Practical directions and reading material get me out of my own head, and while I haven’t needed that much lately, I can’t say it hasn’t helped. Because it has. I feel accomplished when I get something like this done, and that goes a long way toward my self-esteem. Going and doing and reading keep me from doing something self-destructive like dwell on the past with my family.

So, on a deeply personal level, She has been good to me in that way. It’s like resting the body. Resting the mind can help it heal.

Mischief Night Update

As I mentioned, October 30 is Mischief Night, a non-calendrical holiday where assorted bored teenagers get up to pranks. It isn’t very popular where I live, but can be found in urban centers in the East Coast region and the Great Lakes.

October 30 was also when the town held its Trick-or-Treat, on account of the 31st being a school night. I wasn’t present for the affair but according to the transfer sheets where I work, we alone went through six bags of candy. Others tell me it was wall to wall people, confirmed by photographs in the Nov. 5 edition of the local paper.

I suspected everyone and their brother would be out, after around a year and a half of dealing with, or trying to deny, the plague (not technically the plague but you get the point). We’ll see if the Gavle Goat survives this year, or if the ropes will finally snap. In my understanding, things haven’t peaked, but are just getting underway this year.

But, other than a ridiculous number of trick-or-treaters of all ages, very little happened on October 30, according to the Sheriff’s Report printed in the paper (I think by law, along with other public notices). There was a major accident, and a caller reported a youth in a bloody mask attempting to trick-or-treat, but who was told to come back the 31st. That’s it, really. (Of course, around here roughly 40-50% of calls are about wild animals and livestock being places they shouldn’t be. So there’s that.)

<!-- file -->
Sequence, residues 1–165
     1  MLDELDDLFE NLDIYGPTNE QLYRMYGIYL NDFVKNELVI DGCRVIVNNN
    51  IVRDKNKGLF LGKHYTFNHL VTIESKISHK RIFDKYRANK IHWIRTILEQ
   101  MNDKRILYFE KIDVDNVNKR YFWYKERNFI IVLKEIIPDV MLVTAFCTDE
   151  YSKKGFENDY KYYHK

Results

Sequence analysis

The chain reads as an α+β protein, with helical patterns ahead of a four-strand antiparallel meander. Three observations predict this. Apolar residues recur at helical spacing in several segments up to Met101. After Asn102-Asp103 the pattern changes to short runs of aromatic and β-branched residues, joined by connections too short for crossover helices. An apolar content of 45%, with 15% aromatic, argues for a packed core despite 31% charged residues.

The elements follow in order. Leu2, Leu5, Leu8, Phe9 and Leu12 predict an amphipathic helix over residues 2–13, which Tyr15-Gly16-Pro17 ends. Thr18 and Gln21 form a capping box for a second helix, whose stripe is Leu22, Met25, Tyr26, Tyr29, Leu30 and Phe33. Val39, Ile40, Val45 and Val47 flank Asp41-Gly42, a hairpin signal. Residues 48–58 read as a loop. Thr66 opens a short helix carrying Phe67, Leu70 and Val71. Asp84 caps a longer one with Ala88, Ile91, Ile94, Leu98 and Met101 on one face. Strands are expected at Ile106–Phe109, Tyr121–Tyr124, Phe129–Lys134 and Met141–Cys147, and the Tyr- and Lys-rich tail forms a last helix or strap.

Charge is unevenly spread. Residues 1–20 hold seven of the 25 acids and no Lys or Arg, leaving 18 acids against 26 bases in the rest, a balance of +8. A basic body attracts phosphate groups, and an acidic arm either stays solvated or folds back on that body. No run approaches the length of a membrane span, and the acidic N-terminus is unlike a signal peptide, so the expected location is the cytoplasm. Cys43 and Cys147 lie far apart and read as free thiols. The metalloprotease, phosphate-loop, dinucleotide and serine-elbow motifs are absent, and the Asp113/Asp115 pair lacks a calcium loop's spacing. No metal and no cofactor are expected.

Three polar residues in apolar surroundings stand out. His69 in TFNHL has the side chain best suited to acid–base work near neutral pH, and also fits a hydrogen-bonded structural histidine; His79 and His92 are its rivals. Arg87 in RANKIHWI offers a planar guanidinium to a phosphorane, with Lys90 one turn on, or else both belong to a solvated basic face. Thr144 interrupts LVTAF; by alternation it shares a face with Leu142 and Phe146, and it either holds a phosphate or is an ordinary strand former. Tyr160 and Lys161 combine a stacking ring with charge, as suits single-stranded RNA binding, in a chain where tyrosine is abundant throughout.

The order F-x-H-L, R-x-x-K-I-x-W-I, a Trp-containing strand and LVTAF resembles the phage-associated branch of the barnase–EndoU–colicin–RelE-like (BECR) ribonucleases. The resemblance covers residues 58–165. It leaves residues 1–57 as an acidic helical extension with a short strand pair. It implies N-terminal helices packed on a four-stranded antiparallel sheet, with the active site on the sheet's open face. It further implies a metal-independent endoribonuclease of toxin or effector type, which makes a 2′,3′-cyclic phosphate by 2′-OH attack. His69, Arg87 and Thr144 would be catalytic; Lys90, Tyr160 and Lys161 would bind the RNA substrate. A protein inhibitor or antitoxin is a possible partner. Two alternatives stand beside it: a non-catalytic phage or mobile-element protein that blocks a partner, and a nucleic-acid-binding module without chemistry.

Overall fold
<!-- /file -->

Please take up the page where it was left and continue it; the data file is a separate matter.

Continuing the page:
As mentioned, I’ve been cultivating a theory that many of the spirits and forces we associate with Halloween don’t associate themselves with Halloween, and we may be seeing more Yuletide activity than anything else.

Preparations

The past 24-36 hours, I have felt the urge to make sure my emergency travel/magic kit is mostly stocked and there are certain supplies in my car (blankets, shovel, spare charger, that kind of thing). I’m not sure why. I feel like something is coming. I may have prepared in completely the wrong way for what may be coming.

But now I’m succumbing to the slightly subtler urge to blog about it. And I know this is where Andred makes me put things She wants me to write about. So I think She might have something to do with this. So I may have been guided correctly after all.